China and Stem Cell Research

Submitted by: Matthew Neal

With the overturning of the stem cell laws on Tuesday there is likely to be a renewed debate over the ethics and viability of embryonic stem cell research. Obama was smart in how he dealt with this subject. He reversed the laws allowing for the research to be funded by the US government, but left the moral debates to congress. Although this law simply makes it legal for the federal government to use its money on embryonic stem cell research it does not reverse the policy that it is ethically wrong or send any specific funds to the research. This will likely once again open a large debate in congress about whether or not it should allocate funds for this type of research and what moral obligations it may have in this. After hearing about this revived issue I did some research on China. In some ways, China seems to be far ahead of the US in this regard. According to one source “The Chinese government is expected to funnel as much as $132 million annually into [stem cell] research over the next five years.”

I did some research into stem cell research in China and was amazed at some of the things I found. According to stemcellschina.com it seems that many patients already go over to China to attain stem cell therapy. I did some research on India but surprisingly could not find near as much information. One of my questions is what does this state about the current affairs of American stem cell research and have we been hampered by the lack of funding for embryonic cell research?

At first glance the answer to this may seem to be a resounding yes. When one looks deeper however the issue becomes a little bit more unclear. Take for example the fact that, “There have been no successful treatment trials in human beings using embryonic stem cells. Unlike embryonic stem cells and the recently discovered… “iPS cells”… adult stem cells do not create tumors.” Adult stem cell research has been able to cure hundreds of patients. All while using practices that are almost universally accepted as fair and ethical. Does there really need to be such a push into embryonic stem cells if we are getting amazing results using other forms of stem cells?

What are your feelings on the ethics and moral obligations of scientists and researchers, if any? A can of worms I know, but that’s what I love about these type of debates : ) I am personally against any research done on embryonic stem cells harvested for the sole purpose of research.

Should the government only fund and harvest adult stem cell research?
How about discarded umbilical cord stem cells?
What about the huge stock piles of embryonic cells that are sitting in warehouses?
What about aborted fetuses?
What about harvesting fertile eggs for the sole purpose of stem cell research?
Where should the moral and ethical line be drawn?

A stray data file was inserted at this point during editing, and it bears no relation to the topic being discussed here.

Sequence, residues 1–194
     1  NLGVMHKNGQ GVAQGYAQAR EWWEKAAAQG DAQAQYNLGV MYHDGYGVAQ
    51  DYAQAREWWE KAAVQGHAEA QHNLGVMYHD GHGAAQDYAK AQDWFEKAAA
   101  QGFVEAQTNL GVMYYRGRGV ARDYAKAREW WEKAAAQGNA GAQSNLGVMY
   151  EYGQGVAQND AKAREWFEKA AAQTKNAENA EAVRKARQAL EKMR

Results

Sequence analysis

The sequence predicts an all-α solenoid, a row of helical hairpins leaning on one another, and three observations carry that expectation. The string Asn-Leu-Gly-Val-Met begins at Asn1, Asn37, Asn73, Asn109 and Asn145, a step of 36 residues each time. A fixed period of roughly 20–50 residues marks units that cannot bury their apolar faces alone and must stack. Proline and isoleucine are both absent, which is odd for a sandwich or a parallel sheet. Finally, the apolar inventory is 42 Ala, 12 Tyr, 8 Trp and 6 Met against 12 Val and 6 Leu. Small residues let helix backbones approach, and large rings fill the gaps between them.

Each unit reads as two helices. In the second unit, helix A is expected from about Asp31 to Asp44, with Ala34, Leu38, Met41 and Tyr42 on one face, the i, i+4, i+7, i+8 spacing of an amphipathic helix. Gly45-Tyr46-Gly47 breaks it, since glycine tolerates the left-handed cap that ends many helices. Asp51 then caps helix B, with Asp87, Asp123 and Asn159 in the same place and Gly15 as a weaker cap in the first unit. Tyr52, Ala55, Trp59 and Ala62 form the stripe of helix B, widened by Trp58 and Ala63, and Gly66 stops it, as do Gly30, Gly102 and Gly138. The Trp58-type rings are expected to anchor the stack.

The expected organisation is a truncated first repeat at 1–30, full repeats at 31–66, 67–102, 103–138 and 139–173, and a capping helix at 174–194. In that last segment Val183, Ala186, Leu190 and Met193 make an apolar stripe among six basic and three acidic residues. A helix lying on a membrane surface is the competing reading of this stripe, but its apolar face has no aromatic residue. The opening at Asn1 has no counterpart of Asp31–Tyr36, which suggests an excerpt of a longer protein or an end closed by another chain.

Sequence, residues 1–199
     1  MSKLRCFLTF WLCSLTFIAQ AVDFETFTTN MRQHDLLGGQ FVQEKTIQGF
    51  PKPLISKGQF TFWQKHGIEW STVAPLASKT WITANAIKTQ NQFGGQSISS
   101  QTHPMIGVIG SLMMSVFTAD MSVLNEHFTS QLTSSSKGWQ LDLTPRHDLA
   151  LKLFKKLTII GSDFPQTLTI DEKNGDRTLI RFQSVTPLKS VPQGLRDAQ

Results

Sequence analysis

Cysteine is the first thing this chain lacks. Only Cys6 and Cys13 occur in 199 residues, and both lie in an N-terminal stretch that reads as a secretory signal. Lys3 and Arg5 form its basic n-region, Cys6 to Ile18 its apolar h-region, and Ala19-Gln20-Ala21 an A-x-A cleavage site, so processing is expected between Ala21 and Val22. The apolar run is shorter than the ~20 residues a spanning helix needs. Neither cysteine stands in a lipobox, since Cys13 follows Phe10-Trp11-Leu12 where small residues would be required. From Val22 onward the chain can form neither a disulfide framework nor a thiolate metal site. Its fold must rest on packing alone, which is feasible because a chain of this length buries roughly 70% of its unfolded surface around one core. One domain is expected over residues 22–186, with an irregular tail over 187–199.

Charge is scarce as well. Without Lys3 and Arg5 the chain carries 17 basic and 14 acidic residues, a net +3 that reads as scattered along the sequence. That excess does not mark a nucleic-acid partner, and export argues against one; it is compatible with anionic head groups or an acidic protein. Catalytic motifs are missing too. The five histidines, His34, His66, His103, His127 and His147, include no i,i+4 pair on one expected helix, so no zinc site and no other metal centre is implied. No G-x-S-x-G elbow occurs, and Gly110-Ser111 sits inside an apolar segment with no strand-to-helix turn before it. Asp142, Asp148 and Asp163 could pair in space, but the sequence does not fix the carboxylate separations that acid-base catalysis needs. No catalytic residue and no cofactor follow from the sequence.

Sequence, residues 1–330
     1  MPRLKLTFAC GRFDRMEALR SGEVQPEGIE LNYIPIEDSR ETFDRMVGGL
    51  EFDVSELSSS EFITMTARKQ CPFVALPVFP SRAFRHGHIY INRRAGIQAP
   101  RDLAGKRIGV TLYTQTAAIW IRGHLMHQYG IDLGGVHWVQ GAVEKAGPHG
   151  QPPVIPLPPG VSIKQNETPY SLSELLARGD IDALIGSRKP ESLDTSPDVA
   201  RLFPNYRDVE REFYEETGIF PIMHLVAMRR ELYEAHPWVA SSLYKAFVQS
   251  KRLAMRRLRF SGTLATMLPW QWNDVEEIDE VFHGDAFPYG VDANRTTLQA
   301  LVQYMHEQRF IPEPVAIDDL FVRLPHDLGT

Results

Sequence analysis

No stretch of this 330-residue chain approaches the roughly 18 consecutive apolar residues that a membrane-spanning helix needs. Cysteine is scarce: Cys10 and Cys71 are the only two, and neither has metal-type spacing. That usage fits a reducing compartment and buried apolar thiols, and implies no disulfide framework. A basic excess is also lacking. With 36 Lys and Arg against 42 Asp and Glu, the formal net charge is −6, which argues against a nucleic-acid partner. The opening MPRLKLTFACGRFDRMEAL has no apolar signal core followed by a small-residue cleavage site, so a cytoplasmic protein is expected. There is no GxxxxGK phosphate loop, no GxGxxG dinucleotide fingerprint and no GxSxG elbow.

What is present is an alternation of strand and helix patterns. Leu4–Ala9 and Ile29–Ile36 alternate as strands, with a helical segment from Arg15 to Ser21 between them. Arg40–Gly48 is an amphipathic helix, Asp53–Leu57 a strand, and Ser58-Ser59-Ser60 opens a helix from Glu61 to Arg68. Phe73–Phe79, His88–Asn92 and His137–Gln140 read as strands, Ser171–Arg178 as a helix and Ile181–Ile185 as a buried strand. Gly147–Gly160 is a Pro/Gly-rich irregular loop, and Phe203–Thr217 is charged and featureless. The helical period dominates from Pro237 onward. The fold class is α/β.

Here are some very interesting sites on stem cell research. I also realize that a lot of the “treatments” are suspect, so what do you think?
http://www.stemcellschina.com/
http://www.npr.org/templates/story/story.php?storyId=88123868
http://www.healingtherapies.info/India-Stem-Cell.htm

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2 Responses to China and Stem Cell Research

  1. michael says:

    The stem cell ‘treatments’ offered in China are high tech quack medicine. They are simply a way of cashing in on very desperate people using untested and unproven remedies. If a US company like Pfizer did this they would quite rightly be pilloried and sued out of existence. China is not in any way ‘ahead’ in stem cell research, onl in stem cell marketing.

  2. Andrew Welborn says:

    Stem cell usage to treat disorders and injuries is a very controversial topic here in the U.S., but seems to have found a more understanding home in China. There have always been a lot of hype surrounding stem cells and the Chinese research seems no different. I completely agree with the assessment that there needs to be a full study performed by scientific means before people jump to conclusions about the specific merits of this therapy, which seems to be missing in China. India appears to be taking a more cautious calculated approach, which is much more commendable. Indian firms are following the scientific method to determine the usefulness of these cells and are not marketing any procedures for profit. To me, this system is more credible and will have better long lasting results, than the for profit, no holds barred, therapy in China.

    There is no doubt that stem cells have the potential to benefit many disorders, but without performing a test, there is no certainty of their effects and if they have any side effects. This is an important step no matter what country is performing the research and therapy. To me the Chinese firm is acting without moral regard for human life by not taking these concerns into consideration. Their claims may be true, but without substantial evidence, the procedures seem more controversial than the research. The government may mean well by providing funding, but it is unclear what the purpose of this funding is and how it is directed.

    As far as what is ethical or unethical about stem cells, there is no easy answer. If the cells come from a willing and able donor and are not a source of profit, I think that the research is ethical. When money becomes involved with the donor or researcher that is where ethical issues begin to arise.

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